The Gratitude Project, edited by Jeremy Adam Smith et al., is a project of the Greater Good Science Center at UC Berkeley in California. It includes chapters by a number of different authors on various aspects of gratitude.
I liked that the book took a realistic approach to what gratitude can and can not do. Take this quote from the beginning of the book, for example:
First, gratitude is an affirmation of goodness. We affirm that there are good things in the world, gifts and benefits we’ve received. This doesn’t mean that life is perfect; it doesn’t ignore complaints, burdens, and hassles. But when we look at life as a whole, gratitude encourages us to identify some amount of goodness in our life. It’s easy to miss the good, because we simply get used to it.
The book explains that secondly, gratitude involves identifying the sources outside of ourselves that have provided us with goodness.
Research has shown that animals can experience some form of gratitude. In humans, the capacity for gratitude first starts to develop around 3 years old. On average, women tend to be more grateful than men. The more gratitude is practiced, the greater the value that the brain places on benefit to others rather than the self. Keeping a gratitude journal was identified as a good way to develop more gratitude.
Gratitude may have positive health effects by decreasing inflammation. One study found that depression can cause structural changes in the same area of the brain that’s activated when experiencing gratitude. The book doesn’t suggest that gratitude is the psychological cure for depression, though. The authors explain that “Practicing gratitude magnifies positive feelings more than it reduces negative feelings.” That sounds quite reasonable.
Studies were discussed that have shown that gratitude improves commitment to a significant other, as well as commitment to working on the relationship. The book also said that “gratitude thrives on specificity, so it’s best to be specific when expressing gratitude for something that someone has done. If one partner is contributing a lot more work around the home, the other partner is likely to start to expect it, and then they’re less likely to experience gratitude for the partner’s contribution.
The last few chapters were based on interviews with Buddhist author Jack Kornfield, comedian W. Kamau Bell, and others.
There was definitely some interesting information in this book. Overall, though, it was packed with a lot of information and research findings, and I found it a bit much. Then again, I was struggling with depression-related concentration problems while reading it. I think it would make a good book for anyone who was looking to gain a deeper understanding of gratitude and the science behind it.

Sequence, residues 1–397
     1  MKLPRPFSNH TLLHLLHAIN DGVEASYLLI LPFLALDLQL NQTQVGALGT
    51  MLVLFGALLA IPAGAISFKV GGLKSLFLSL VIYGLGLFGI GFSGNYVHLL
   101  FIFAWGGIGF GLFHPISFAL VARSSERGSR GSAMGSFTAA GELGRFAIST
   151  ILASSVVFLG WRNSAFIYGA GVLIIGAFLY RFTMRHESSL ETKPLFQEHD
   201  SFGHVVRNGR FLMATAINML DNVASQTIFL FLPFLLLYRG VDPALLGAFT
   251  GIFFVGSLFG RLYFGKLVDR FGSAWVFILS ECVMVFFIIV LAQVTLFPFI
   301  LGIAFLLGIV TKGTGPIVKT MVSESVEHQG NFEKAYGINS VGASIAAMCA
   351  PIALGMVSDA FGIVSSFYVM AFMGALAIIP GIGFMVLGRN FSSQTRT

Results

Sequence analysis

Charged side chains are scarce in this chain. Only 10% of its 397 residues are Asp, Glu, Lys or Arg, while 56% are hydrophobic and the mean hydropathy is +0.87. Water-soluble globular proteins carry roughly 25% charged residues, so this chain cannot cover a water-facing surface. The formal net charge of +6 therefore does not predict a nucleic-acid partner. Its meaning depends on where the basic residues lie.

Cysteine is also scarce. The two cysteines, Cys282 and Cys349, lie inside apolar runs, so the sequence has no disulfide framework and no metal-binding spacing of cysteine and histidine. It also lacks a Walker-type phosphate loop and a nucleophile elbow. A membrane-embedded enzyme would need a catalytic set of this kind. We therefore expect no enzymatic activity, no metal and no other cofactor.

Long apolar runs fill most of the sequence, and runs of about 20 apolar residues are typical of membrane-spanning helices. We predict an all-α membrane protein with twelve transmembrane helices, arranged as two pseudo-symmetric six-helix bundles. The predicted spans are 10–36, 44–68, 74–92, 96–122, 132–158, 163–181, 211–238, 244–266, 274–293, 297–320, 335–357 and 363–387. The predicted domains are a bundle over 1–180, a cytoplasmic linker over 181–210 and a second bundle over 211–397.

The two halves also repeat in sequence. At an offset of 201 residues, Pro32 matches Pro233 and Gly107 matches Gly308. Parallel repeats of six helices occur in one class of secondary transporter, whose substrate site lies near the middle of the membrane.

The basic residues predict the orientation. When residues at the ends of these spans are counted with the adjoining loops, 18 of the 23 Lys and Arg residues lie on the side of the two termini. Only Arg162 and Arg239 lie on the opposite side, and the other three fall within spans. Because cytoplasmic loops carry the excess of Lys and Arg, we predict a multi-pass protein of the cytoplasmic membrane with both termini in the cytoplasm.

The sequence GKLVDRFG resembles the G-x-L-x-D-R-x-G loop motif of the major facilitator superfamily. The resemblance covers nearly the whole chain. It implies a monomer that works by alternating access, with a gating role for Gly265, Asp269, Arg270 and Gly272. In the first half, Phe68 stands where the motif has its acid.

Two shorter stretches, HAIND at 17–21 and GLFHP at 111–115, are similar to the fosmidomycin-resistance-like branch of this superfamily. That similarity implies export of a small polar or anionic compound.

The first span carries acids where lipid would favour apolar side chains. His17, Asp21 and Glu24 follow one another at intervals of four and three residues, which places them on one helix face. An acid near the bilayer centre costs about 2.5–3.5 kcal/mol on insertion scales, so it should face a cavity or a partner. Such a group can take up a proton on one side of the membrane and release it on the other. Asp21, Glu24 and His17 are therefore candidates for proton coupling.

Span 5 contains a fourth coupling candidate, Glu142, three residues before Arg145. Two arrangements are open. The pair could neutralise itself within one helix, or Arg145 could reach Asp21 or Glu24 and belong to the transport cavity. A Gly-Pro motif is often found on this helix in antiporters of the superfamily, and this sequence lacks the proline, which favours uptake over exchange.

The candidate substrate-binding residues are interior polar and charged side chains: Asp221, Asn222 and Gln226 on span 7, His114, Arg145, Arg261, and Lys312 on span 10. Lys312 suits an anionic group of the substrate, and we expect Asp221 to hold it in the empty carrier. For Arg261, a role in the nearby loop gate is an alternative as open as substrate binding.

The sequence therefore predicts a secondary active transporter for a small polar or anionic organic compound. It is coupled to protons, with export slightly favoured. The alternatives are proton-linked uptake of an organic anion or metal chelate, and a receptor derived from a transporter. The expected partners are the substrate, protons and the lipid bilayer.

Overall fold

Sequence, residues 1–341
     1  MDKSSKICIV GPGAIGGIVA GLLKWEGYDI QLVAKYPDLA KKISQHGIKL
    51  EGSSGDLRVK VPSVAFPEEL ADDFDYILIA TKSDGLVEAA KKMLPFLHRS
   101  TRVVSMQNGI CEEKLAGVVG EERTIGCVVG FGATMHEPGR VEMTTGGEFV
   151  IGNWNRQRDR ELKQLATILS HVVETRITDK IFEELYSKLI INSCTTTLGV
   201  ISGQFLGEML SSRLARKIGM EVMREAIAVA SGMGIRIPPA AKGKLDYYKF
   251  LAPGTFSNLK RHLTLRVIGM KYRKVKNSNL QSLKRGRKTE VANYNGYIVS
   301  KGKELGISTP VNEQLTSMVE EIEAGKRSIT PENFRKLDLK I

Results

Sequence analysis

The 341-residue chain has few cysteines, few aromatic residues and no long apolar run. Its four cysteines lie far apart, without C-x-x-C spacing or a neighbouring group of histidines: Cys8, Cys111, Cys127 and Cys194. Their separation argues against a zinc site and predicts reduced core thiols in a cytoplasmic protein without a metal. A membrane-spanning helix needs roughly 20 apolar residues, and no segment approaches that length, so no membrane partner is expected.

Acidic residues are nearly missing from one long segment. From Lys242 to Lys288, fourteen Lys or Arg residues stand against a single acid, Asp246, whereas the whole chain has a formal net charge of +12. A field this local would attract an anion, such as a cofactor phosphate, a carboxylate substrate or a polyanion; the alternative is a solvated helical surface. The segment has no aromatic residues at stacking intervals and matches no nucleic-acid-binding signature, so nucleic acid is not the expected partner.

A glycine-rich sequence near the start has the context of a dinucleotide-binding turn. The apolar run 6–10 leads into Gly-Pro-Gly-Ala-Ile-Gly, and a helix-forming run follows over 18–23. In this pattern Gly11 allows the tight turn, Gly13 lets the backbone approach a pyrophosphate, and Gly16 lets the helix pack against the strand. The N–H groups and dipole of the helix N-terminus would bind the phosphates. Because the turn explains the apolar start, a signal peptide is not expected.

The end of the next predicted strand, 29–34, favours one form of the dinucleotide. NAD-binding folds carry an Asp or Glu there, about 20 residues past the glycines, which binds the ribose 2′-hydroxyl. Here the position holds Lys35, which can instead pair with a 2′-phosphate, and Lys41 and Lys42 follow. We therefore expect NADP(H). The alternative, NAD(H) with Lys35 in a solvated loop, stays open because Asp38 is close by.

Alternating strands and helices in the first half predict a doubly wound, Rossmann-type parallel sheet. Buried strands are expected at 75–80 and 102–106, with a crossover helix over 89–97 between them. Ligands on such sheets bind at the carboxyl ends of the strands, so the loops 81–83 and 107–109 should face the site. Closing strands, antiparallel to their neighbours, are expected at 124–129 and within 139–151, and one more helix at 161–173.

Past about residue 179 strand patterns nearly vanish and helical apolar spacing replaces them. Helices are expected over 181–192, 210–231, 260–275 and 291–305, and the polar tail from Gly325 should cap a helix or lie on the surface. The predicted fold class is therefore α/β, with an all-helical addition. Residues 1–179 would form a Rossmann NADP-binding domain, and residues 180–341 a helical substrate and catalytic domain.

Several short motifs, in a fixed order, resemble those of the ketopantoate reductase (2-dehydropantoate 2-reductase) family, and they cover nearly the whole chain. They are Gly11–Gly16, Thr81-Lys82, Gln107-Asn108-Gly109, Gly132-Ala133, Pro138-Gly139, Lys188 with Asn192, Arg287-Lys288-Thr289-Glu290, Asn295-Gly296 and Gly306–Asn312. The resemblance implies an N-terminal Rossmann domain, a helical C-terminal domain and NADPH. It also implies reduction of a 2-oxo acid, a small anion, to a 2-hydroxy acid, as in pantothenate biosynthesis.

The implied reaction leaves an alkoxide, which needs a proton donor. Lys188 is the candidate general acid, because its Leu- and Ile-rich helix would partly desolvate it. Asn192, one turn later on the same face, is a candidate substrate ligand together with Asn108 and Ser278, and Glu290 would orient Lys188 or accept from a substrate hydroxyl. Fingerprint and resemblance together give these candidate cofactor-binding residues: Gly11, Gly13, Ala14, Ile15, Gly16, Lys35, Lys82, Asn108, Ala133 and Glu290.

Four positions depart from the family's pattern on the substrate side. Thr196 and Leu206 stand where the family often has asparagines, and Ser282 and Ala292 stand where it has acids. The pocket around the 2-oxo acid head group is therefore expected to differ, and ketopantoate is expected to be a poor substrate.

The Gratitude Project is available on Amazon (affiliate link).
I received a reviewer copy from the publisher through Netgalley.
You can find my other reviews on the MH@H book review index or on Goodreads.
22 thoughts on “Book Review: The Gratitude Project”
I am grateful for your blog as it inspires me and keeps me going. It’s a wonderful to have something to read every day. It even keeps me a bit structured. Thanks for all your work Ashley!
Thank you! 💕
This post was good for me to read. I have a real problem with gratitude when I am depressed and it is all or nothing, black or white thinking. Now I am going in the opposite direction and it is hard to slow down and be happy for what I have but I am trying.
Any progress is good.
Ooo I quite like the sound of this. I’m a believer in the power of gratitude, but not as a cure-all. “The book doesn’t suggest that gratitude is the psychological cure for depression” < that's the part I'd find particularly appealing, the more realistic and reasonable approach rather than suggesting gratitude alone will 'fix' depression and cure pain and all the other miraculous but untrue things some books like to suggest. Neat review, Ashley.xx
Thanks! Yeah, realistic is much more useful than over the top.
I truly believe that I should be living each day with gratitude. It has a way to keep you grounded.
Good insights about gratitude. I liked the more realistic approach. We talk about gratitude a lot in AA, and it sometimes feels very cliché, like advising people to suppress negative emotions and just thank the good Lord. However, gratitude lists have really helped me. It’s very easy to lose track of everyday things that are actually pretty great.
Yeah, it’s a great way to appreciate the little things.
Sounds like a useful project, as gratitude is both relative and also useful, whether one believes in a deity or not. Having a sense of awe about something on a regular basis has long been known to increase resilience and determination. Thank you for this post!
And thanks for your comment! I agree.
How wonderful, I love projects like this and that you highlight them❤❤❤ good work my friend!!
Thanks lovely! 💕
We have a small gratitude list pop up as a phone reminder every few weeks so that we take time to appreciate what we have
That’s a great idea!
Great review! I’m grateful that you read and nicely synthesized the key information from the book into this post, even though the book was challenging!
I’ve listened to some episodes of the Greater Good Science Center’s “Science of Happiness” podcast and thought they were pretty good. They have an episode about how to give good/effective apologies, which changed my life!
This was a good read. And the book sounds excellent!